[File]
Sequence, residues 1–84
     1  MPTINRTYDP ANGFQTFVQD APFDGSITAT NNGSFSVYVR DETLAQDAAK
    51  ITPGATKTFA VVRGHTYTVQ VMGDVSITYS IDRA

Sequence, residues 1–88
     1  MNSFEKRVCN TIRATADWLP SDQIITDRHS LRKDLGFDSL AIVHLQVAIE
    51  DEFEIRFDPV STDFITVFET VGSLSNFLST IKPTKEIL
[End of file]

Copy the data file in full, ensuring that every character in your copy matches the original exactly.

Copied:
Sequence, residues 1–84
     1  MPTINRTYDP ANGFQTFVQD APFDGSITAT NNGSFSVYVR DETLAQDAAK
    51  ITPGATKTFA VVRGHTYTVQ VMGDVSITYS IDRA

Sequence, residues 1–88
     1  MNSFEKRVCN TIRATADWLP SDQIITDRHS LRKDLGFDSL AIVHLQVAIE
    51  DEFEIRFDPV STDFITVFET VGSLSNFLST IKPTKEIL